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In Private Meeting, RNC, GOP Digital Strategists Look to Improve
Posted at 5:41 p.m. on Dec. 6, 2012
Several dozen Republican digital strategists met at the Capitol Hill Club on Thursday to hear what worked and what didn’t from the digital heads of the Mitt Romney campaign and the Republican National Committee.
According to three sources in the room, the two-hour meeting was a review of the key metrics from the campaign and a discussion about how the party can improve its digital strategies and prepare for 2016. It is widely acknowledged that President Barack Obama’s re-election victory was built in part on a vastly superior digital effort.
The “entire GOP digital world” was there, one source said, plus representatives from Google, Facebook and Twitter. The meeting was led by Romney Digital Director Zac Moffatt, RNC Digital Director Tyler Brown and RNC Chief of Staff Jeff Larson.
Both the RNC and the Romney campaign have been criticized for their digital effort in 2012, especially for Romney’s much-hyped Project ORCA “get-out-the-vote” tool, and specifically that Obama raised more money online and had a more integrated digital operation.
But one source said they emerged from the meeting with a better understanding of what happened and the insurmountable odds Moffatt faced in trying to build a digital effort in five months that could compete with the Obama team.
The takeaway, sources said, was that the RNC needs to remain committed to building a digital infrastructure or else the party’s next presidential nominee will face the same disadvantages that Romney did. That, of course, depends in part on how much data the Obama campaign hands over to the Democratic National Committee.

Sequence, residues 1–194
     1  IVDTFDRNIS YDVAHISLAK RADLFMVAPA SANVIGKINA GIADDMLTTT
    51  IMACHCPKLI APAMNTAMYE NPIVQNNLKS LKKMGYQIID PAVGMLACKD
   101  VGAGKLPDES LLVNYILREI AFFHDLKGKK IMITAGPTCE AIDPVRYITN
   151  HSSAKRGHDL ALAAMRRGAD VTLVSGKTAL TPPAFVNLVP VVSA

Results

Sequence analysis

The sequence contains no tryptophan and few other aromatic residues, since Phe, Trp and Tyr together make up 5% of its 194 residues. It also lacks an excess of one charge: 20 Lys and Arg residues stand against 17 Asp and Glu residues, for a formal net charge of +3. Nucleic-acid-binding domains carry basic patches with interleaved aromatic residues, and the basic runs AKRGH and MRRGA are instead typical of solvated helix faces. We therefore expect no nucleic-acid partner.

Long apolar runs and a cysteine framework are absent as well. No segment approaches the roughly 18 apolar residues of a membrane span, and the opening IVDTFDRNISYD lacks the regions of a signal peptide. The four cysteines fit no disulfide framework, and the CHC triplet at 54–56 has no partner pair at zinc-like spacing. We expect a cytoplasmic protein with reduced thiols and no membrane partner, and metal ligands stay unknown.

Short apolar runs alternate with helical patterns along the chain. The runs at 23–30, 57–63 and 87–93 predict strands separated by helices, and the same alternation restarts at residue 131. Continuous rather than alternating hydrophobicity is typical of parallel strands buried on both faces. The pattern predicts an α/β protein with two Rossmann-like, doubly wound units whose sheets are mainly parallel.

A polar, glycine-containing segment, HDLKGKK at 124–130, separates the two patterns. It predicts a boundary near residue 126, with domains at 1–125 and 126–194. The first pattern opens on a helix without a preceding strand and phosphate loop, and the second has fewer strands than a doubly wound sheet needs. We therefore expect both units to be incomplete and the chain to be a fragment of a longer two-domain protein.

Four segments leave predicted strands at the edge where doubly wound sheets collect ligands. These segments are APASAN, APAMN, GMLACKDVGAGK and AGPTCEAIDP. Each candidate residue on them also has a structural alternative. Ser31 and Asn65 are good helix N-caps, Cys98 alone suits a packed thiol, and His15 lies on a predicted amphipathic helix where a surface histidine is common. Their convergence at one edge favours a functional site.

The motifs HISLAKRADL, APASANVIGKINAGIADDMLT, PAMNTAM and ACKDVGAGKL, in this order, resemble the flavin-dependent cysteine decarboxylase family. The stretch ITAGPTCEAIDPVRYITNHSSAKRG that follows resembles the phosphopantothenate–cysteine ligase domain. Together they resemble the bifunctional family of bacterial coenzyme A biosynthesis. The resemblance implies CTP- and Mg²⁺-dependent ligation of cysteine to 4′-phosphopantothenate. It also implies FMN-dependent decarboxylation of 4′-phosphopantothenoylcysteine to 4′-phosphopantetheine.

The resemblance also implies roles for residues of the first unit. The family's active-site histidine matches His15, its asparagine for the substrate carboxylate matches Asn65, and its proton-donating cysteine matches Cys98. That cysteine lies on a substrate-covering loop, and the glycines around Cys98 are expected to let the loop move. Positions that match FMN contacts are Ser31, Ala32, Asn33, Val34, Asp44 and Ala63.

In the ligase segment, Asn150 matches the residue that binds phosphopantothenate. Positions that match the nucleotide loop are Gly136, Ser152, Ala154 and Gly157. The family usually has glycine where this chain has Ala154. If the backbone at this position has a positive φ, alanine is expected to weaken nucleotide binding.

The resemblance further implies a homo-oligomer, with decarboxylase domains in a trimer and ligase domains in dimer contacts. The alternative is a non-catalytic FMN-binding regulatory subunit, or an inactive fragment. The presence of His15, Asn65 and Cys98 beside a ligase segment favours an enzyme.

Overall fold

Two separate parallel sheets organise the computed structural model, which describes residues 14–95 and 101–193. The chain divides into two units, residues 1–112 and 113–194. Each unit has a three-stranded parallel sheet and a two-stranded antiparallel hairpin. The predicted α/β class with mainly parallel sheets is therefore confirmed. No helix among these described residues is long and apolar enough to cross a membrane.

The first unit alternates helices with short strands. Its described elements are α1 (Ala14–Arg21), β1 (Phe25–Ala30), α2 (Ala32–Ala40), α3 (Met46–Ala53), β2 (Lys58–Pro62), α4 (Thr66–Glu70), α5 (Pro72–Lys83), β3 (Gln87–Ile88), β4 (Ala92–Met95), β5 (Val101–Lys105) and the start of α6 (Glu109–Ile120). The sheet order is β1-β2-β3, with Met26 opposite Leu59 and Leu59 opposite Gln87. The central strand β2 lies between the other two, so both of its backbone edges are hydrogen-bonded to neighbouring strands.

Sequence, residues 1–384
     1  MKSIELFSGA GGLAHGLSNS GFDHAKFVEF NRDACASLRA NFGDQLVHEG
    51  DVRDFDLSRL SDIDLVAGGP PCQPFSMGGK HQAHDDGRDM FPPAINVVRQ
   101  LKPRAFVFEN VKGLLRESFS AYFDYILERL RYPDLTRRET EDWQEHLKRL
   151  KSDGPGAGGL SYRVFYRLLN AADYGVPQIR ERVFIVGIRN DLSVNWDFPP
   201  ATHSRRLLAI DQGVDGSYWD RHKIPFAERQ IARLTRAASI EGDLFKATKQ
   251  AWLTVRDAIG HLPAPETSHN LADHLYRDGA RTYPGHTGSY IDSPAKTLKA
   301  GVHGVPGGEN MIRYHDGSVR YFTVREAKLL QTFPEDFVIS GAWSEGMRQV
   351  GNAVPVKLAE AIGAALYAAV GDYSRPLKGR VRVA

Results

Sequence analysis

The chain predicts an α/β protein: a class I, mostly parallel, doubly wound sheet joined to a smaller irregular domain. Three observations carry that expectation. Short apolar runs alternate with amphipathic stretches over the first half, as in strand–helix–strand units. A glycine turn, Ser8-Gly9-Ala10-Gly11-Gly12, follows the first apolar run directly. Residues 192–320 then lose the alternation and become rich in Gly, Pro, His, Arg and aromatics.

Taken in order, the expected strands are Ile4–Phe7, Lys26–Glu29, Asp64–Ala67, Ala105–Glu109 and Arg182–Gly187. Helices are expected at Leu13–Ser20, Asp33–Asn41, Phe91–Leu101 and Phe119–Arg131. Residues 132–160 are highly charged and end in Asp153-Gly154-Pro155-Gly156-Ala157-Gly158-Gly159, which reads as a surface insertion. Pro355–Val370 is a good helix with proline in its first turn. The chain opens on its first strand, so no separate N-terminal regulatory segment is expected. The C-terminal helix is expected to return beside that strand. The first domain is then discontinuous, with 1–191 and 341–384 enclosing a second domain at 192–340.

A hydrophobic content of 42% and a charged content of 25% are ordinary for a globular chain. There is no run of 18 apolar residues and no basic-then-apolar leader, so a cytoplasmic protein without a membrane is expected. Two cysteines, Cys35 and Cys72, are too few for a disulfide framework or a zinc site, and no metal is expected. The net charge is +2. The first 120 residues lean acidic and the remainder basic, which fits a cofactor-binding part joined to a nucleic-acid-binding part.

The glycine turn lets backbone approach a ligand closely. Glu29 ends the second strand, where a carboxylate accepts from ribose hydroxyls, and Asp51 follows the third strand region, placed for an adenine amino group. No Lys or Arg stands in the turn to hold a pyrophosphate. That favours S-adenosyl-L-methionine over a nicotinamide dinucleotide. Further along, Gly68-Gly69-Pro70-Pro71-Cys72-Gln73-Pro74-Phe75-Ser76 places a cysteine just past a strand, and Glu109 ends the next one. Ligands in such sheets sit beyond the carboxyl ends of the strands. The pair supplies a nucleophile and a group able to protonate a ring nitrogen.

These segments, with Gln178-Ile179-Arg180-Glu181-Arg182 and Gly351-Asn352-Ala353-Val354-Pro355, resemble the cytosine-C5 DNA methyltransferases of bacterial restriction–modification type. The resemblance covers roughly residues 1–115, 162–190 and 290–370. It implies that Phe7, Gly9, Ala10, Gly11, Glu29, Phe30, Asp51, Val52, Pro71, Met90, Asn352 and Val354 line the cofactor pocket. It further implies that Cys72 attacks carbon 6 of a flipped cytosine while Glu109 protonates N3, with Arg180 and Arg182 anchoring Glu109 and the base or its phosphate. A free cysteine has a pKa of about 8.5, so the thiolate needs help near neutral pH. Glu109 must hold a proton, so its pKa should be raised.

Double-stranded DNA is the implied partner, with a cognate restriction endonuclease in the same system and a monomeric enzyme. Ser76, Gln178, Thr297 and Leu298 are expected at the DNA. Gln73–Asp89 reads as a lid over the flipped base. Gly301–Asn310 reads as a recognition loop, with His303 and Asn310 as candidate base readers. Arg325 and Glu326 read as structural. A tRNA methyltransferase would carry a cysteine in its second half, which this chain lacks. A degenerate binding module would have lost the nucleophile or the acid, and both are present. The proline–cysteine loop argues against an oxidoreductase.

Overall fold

To that end, the Romney campaign has given the RNC 1 million online donor emails and 2.2 million new active emails. More than 300 pages of memos on analytics and optimization will also be handed over to the RNC, along with framework infrastructure for Facebook and mobile apps.
One source said the meeting was so positive that it was almost as if Romney had won, and another source said most of the attendees emerged shaking hands and feeling mostly good about the discussion.
Part of the reason for that is Moffatt laid out how difficult it was to compete with the Obama team. One source said it was clear how “herculean” the task was for the Romney campaign and that it’s “probably unrealistic to put together an entire digital infrastructure for a billion-dollar operation in five months.” The Romney campaign’s digital team went from 14 staffers in April to 160 by November, the source said.
“The refrain that Zac basically said over and over again is that they had an enormous amount of work to do and not a lot of time to do it,” the source said. “And they were disadvantaged vis-a-vis Obama because Obama was the incumbent and had years to work on this, and they had to get through a primary.”
When asked to comment, an RNC official said the discussion delved into the RNC and Romney digital operations, the structure and how digital interacted with the communications, political and finance departments, plus the intricacies of the effort — online fundraising and advertising, mobile apps, social media, program development and analytics.
“Clearly what we did this cycle wasn’t enough, but we did a lot of good things with the time and resources we had and our efforts have steadily improved over the past decade,” the RNC official said. “This is the first step in a multistep process as we lay out the direction our party goes with its digital presence and how we get there.”